Lance Green’s new exhibit, “Bringing It All Back Home,” with 25 years’ worth of his acrylics, sculptures and ink drawings, is opening soon at the Business of Art Center’s Venue 515, 515 Manitou Ave. in Manitou Springs. The show opens 5-8 p.m. Friday, April 22, and is up through June 12.
Green, who was born in Denver but spent 40 years in Los Angeles, studied art at Rio Hondo College and, starting in the mid-1990s, with the renowned Fritz Scholder. At that point, he says, “everything changed. I’ve been in the studio every day since – about 15 years. I think it’s just been my fate.”
He also worked in the film industry, painted murals and displayed his work in California galleries before returning to Colorado in 2004. He paints in the Second Floor Studios, above the Michael Garman Museum on West Colorado Avenue.
That’s where he’ll listen to music while searching through his sketchbooks to find the right sketch to render on canvas.
“Then I just randomly let paint fly on the bare canvas – smear, scratch, remove, wet-in-wet, let grays appear but leave a lot of bright color – very aggressive. Then I usually paint the negative space in around the figure, leaving some charcoal rendering showing through. I love a rendered figure. Then, I paint over a portion of it – destroying it. When that paint dries I do the rendering again, paint in the negative space, and bring it to a 90 percent finished piece then usually destroy it again, usually with just one wrong brushstroke. It’s amazing how easy it is to kill a painting.”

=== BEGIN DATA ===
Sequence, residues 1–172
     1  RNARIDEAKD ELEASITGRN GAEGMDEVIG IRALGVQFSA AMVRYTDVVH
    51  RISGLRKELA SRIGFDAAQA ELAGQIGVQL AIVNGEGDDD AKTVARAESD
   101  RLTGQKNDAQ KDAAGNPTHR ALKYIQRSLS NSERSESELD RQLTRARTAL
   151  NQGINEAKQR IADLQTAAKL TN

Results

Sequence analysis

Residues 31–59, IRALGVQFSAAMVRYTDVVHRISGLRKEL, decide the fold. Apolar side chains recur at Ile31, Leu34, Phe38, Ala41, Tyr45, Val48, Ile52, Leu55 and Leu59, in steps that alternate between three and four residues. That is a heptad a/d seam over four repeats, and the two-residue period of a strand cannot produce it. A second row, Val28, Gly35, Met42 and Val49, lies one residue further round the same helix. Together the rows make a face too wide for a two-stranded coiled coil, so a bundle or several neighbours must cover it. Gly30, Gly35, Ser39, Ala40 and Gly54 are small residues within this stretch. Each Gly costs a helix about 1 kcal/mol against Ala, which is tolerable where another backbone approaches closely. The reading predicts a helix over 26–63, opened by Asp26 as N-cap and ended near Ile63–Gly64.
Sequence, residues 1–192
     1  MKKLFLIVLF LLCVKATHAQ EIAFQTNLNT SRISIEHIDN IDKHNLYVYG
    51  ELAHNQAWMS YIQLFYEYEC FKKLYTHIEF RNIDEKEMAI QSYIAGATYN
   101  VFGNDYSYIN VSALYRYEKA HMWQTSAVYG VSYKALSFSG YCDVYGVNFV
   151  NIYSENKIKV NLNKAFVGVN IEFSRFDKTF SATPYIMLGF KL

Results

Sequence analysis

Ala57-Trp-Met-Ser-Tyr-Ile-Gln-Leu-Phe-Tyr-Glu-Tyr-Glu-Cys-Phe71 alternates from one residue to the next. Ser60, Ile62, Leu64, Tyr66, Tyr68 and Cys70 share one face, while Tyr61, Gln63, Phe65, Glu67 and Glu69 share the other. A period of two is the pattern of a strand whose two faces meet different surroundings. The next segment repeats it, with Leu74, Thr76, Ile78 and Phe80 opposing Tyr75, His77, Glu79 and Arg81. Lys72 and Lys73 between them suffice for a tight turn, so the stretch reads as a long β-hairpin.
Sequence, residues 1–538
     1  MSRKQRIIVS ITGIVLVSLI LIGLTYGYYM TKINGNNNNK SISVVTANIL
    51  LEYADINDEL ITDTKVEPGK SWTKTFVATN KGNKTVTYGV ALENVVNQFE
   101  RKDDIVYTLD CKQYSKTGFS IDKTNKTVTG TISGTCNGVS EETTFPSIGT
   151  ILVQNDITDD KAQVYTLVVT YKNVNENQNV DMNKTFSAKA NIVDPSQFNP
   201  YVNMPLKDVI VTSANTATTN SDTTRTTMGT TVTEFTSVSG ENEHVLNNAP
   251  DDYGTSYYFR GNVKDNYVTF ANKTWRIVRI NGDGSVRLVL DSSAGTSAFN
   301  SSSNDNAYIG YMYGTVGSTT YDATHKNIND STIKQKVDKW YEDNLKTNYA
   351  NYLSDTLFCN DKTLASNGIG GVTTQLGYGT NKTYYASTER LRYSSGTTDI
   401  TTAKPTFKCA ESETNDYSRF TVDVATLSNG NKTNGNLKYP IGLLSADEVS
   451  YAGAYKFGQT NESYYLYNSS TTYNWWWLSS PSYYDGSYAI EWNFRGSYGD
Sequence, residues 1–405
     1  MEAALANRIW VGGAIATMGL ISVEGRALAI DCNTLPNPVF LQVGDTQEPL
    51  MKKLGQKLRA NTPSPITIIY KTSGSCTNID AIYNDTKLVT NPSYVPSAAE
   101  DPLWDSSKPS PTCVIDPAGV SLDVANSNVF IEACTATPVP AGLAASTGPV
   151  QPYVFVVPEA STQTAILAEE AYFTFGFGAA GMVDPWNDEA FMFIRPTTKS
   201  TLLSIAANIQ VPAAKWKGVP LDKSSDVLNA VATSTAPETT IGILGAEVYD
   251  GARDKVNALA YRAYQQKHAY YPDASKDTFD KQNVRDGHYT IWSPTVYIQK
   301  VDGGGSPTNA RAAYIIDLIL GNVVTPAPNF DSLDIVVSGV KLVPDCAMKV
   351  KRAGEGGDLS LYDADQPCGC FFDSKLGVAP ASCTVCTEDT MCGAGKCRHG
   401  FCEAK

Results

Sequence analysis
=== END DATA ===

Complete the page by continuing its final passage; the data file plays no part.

Green’s influences include da Vinci, Carravaggio, Dürer, Mucha, van Gogh and Gauguin. But his biggest influence, he says, was his mother.
“She was the one that not only ‘got it’ but would have never spoken to me if I wouldn’t have pursued my art. She died really young – had a real hard life, and this is for her.”
Growing up, Green witnessed first-hand the violence prevalent in East L.A. He knew 14 boys his age in his neighborhood and says that nine were dead before age 25.
“Some of my art comes from a terribly dark place, but only in the initial stage. I take every figure, every scene, every subject through chaos and destruction and disfigurement and then I bring it back in beauty,” he says.
Green will talk more about his work at 6:30 p.m. Wednesday, May 11, also in Venue 515.
Other BAC exhibits are: “Passion Retold,” frescoed images by Kevin Thayer; “Becoming Animal,” mixed-media work by Pauline Foss, addressing the relationship between humans and livestock; and “Prints of Peace,” Bijou School students’ work inspired by the Tibetans’ peaceful response to oppression. All open the same evening as Green’s show.
Thayer will talk about his work 6-7 p.m. May 4, and David Gardiner, associate professor and chair of the Colorado College department of religion, will talk about the “Prints of Peace” show at 6 p.m. April 28.
Exhibits and gallery talks are free and open to the public. The BAC’s main building is at 513 Manitou Ave., Manitou Springs; regular hours are 10 a.m.-6 p.m. Tuesdays-Saturdays. Call 685-1861 for information, or see the site.